ID 44645254 Dmitry Kalinovsky

At the turn of the year, I argued it would have been more difficult to quit smoking than to predict supply chain trends that would define 2017.

And in my last post of the year, I have come to realise there was one M&A bout I did not foresee – in the logistics property development sector, the first level of “downstream logistics” – which could have important ramifications for the competitive landscape of major forwarders and carriers worldwide.

Following the takeover battle for Singapore-based Global Logistic Properties (GLP), which builds, owns and leases distribution facilities, logistics properties and services around the world, a clear picture has emerged.

Most of the companies I cover quarterly are safe in 2018 if a bullish view supports this benchmark GLP deal. To my mind, this deal stole the limelight from all other downstream supply chain actions this year, as far as M&A activity was concerned.


A recap of where we stand: the company recently noted that, on 30 November, its shareholders approved the privatisation of GLP by way of a Scheme of Arrangement. “The payment of S$3.38 (US$2.51) in cash per share is expected to be made by 19 January 2018 and GLP will be delisted from the SGX thereafter.”


The implied $12.1bn valuation attributed to its equity is so high that could certainly spur optimism, particularly if you ignore the drop that preceded it – and, given its latest expansion plans in Europe, now it is double or quits for GLP and its owners, which are unlikely to stop chasing inorganic growth.

This week, it wrapped up the $2.8bn purchase of Gazeley, which led to the launch of “two new funds and increased the size of its fund management platform by $4bn (€3.4bn) to $43bn”.

There is some financial engineering involved, which should be expected from GLP and its owners, but nonetheless, as The Loadstar previously reported, this “is a big deal (…). The new portfolio is made up of 57% UK assets, 25% in Germany, 14% in France and 4% in the Netherlands.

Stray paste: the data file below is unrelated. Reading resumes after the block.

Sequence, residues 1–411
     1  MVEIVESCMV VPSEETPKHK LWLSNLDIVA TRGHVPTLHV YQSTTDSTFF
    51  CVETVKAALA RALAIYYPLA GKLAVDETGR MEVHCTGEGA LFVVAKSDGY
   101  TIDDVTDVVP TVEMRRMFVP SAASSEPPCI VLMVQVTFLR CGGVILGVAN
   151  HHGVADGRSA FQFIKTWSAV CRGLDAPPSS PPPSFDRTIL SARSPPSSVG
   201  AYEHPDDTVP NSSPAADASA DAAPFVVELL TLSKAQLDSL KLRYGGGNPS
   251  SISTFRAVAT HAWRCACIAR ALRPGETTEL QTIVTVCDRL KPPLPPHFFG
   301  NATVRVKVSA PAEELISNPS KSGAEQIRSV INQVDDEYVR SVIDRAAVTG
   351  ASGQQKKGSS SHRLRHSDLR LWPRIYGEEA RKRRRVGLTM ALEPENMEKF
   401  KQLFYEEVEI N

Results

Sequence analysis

“GLP itself is being acquired by a Chinese private equity consortium backed by executives from GLP”, who have been sniffing around the opportunity for over a year.

The stars were aligned. As Reuters reported in October, “in June, private equity group Blackstone agreed to sell European warehouse firm Logicor to China Investment Corp for €12.25bn ($14.4bn) in the biggest private equity real estate deal in Europe on record”.

(The obvious question here is whether Blackstone predicted the top of the market this year, while the GLP deal was actually a defensive move; after all. It’s a 50:50 call on the economy, in my view.)

Trends & inaction

So instead of contract logistics, which I expected to be far more attractive than other sub-sectors in logistics, it is actually pure logistics infrastructure driving the M&A sparkle that could ignite the debate about whether 2018 will be a good or bad year for all involved in supply chains.

So far, technology, automotive and more broadly upbeat consumer trends are often referred to as the driving forces behind demand, and there are signs more deal-making could ensue – but where?

The latest deal, announced this week, as The Loadstar reported, was US supply chain solutions provider ModusLink acquiring the largest US direct mail marketing firm, IWCO Direct, for $476m. But it is nothing compared to what is about to come in the fight for infrastructure and warehouse space, with private equity in the driving seat.

In this context, the private equity affair with CEVA Logistics is unlikely to end well for Apollo, and serves as a warning for forwarders and other supply chain services operators.